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lost rights in Manchuria without fighting. Should this plan fail, the late Li Hung Chang's shrewdness foresaw the possibility of driving out the two aggressors by means of the influence of the United States. This idea is referred to in his interesting diary while being welcomed in America on his way home from Europe. Washington diplomacy, on the other hand, readily embraced the opportunity of removing the offence it had given to China through the exclusion act, and of improving American trade with her vast population through various means of befriending China or of thwarting other powers. The gallant American now found an upper-dog in Japan, who had been an under-dog with regard to China and Russia. Hence the inevitable result of America and Japan becoming at cross purposes over China's affairs.

American diplomacy has ever been welcome and successful where the abstract principles of humanity and justice are concerned, and when it has been free from the bare suspicion of self-seeking. This was notably the case in the timely declaration of the open-door policy in China and her territorial integrity-as also in inviting Russia and Japan to come to terms after their sanguinary struggle. In matters touching the practical interests of other peoples, however, American diplomacy would seem sometimes to put other nations into an attitude of mutual sympathy and common defense, and to weaken their respect toward the Monroe doctrine. For it is on the implicit understanding of America's non-interference with other continents that the continental republic is left free of outside interference. But the United States of America has now secured the necessary stepping stones (the Hawaiian Islands, Guam and the Philippines), across the Pacific Ocean to reach China and claim a due share of influence over her destinies. It is impossible to reconcile two such contradictory measures. In order to make its position tenable in world politics, American diplomacy must needs choose between the horns of an awkward dilemma. It must either sacrifice the Monroe doctrine, or restrict its application within a much smaller sphere of influence, or return to its traditional avoidance of foreign

entanglement by staying on the high plane of international morality.

Whichever general course America may eventually decide to take, it is evident to candid observers that America will not antagonize other powers out of a Platonic affection for China, that China realizes no nation but herself can work out her own salvation, and that Japan must be friendly with the teeming millions of China for commercial and other reasons. It would also be to China's advantage to utilize, at least for the present, the political and military supremacy of Japan in the Far East, as it would be Japan's wisdom to keep China always on her side. Commercial rivaly there is and will ever be, it is true; and some European or American business men, who have lost ground through German or Japanese competition in China, may continue to agitate against their rivals. But broad statesmanship discerns on the horizon unmistakable signs of a unanimous desire that all outside nations should coöperate for the peaceful consolidation of China's nationality, be it called a republic or a monarchical confederacy; and that, above all other things, America, China and Japan should work together for the preservation of tranquility on the shores washed by the Pacific waters. China with its dependencies is far more extensive in territory and far larger in population that the whole of Europe. Its social, political, economic, religious and racial differences may also be as great as those of Europe, or even greater. Its history is certainly much longer than that of Europe. It cannot, therefore, be through a recognition of this leader's republicanism, or that statesman's rule, or through the lending of money by a group of nations, or by private individuals singly, that the destiny of the four hundred million souls shall be guided from without. Each province, each dependency, each race of China is a problem by itself, which requires a life time's careful study. That person or nation who thoroughly understands China as a whole, not any one region or party, is alone entitled to a voice in the parliament of men for furthering the cause of China for the Chinese themselves.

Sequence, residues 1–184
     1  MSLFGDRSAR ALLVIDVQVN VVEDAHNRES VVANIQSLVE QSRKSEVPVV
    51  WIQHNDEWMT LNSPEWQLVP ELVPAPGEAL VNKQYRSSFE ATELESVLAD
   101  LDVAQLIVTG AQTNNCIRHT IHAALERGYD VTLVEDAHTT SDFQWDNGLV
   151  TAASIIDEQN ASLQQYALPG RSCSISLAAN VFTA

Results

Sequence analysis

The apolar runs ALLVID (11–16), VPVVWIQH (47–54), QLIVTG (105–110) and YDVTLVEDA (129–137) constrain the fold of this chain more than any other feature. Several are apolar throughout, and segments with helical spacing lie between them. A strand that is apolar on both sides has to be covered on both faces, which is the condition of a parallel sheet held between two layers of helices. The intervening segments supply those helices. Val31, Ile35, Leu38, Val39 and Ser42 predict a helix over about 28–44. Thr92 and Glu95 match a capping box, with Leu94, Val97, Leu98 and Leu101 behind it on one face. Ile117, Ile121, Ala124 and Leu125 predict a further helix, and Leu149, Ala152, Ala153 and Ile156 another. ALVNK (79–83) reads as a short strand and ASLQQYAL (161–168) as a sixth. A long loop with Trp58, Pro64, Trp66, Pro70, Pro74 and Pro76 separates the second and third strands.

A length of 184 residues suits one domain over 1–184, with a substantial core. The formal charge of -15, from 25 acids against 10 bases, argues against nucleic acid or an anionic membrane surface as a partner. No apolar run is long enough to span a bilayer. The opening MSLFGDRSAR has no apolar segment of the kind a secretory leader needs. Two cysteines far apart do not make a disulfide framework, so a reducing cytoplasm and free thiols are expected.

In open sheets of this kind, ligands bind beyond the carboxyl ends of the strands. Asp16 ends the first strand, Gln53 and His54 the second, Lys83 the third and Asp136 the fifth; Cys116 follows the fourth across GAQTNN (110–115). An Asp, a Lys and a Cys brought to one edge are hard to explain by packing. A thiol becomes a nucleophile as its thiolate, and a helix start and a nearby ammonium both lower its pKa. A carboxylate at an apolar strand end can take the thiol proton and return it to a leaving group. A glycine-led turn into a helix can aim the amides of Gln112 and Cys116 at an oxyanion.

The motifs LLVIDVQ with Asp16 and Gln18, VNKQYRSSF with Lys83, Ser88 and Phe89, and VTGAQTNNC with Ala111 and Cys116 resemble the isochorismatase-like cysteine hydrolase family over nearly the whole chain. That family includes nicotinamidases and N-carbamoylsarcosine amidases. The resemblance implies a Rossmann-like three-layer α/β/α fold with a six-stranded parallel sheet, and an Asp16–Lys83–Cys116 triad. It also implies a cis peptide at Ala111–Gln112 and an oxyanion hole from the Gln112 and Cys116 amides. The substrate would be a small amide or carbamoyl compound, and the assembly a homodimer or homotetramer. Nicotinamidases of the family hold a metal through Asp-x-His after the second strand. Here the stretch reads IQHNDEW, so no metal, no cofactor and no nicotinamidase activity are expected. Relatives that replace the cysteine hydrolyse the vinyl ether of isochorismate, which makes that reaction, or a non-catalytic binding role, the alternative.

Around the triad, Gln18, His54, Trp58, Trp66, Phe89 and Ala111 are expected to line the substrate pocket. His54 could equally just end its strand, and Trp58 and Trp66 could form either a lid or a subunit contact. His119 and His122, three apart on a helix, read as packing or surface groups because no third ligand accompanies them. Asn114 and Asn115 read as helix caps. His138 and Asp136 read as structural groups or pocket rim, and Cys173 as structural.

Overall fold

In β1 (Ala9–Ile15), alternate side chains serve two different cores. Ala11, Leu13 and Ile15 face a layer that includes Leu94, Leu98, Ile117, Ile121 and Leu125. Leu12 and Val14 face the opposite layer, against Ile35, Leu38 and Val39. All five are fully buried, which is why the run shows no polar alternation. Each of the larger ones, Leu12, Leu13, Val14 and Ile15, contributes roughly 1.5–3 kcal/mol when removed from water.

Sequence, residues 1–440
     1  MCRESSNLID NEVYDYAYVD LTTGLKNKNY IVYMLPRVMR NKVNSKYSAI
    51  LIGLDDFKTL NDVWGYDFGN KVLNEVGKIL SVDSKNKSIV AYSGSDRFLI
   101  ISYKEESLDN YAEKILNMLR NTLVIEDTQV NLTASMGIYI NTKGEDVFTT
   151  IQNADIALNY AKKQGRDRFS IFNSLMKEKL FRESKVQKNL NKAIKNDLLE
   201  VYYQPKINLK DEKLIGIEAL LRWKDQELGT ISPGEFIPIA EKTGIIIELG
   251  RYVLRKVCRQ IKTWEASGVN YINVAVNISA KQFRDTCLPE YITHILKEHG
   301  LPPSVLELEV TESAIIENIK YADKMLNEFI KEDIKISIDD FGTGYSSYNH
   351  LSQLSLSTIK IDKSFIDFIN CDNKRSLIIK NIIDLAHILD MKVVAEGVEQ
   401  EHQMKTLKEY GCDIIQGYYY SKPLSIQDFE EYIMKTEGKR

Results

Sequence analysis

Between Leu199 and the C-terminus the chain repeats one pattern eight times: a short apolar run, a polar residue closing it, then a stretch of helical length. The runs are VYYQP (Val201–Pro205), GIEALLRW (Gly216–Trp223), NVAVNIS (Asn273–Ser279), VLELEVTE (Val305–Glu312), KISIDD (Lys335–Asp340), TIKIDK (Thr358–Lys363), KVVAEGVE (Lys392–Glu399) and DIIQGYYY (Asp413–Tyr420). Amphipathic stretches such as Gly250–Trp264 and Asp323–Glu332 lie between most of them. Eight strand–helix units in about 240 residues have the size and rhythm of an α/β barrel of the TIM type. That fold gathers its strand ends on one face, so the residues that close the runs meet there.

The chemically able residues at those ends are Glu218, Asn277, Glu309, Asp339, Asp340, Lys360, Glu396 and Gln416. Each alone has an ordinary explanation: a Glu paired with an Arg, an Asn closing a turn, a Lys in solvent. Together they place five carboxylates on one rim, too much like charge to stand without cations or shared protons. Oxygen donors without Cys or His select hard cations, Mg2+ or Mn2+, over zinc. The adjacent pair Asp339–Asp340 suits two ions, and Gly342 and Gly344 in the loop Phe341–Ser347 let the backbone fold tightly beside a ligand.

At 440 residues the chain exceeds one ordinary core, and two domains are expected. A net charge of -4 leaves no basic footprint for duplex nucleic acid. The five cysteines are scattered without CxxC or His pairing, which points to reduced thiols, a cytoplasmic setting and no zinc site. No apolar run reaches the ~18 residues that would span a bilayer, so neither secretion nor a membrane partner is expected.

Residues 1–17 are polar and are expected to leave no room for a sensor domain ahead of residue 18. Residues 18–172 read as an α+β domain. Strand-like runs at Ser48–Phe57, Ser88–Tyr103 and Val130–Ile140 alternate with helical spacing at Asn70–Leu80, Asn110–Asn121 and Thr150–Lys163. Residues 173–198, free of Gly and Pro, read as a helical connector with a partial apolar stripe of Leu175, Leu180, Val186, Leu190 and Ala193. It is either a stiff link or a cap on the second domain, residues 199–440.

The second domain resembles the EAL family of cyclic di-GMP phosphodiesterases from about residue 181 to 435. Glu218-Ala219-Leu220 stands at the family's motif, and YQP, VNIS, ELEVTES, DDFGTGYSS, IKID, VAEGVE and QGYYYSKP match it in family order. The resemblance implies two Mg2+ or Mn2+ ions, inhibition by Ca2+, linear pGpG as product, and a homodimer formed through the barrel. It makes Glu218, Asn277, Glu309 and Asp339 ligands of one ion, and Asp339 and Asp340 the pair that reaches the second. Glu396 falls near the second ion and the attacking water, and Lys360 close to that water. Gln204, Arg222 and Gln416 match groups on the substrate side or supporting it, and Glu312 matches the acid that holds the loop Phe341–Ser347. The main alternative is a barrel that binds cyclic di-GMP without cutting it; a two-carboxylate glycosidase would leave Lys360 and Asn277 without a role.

By Charles K. Edmunds, Ph.D., President of the Canton
Christian College and Observer in Charge of the
Magnetic Survey of China Under the Auspices
of the Carnegie Institution of Washington

Physical well-being is the basis of national, as well as of individual life, in all its other aspects. China today faces an almost overwhelming gamut of problems, political, economic, social, industrial and educational. Many of them demand immediate solution, or at least, immediate attack. Some of the most pressing of these are what I would call physical.

There is not time, and I would not be qualified if there were time, to give anything like a comprehensive discussion of the various physical problems that China faces. But in journeying widely throughout China during the last nine years, I have observed some of the surface aspects of several of these problems. These I shall try to present to you chiefly by means of the photographs I have secured.1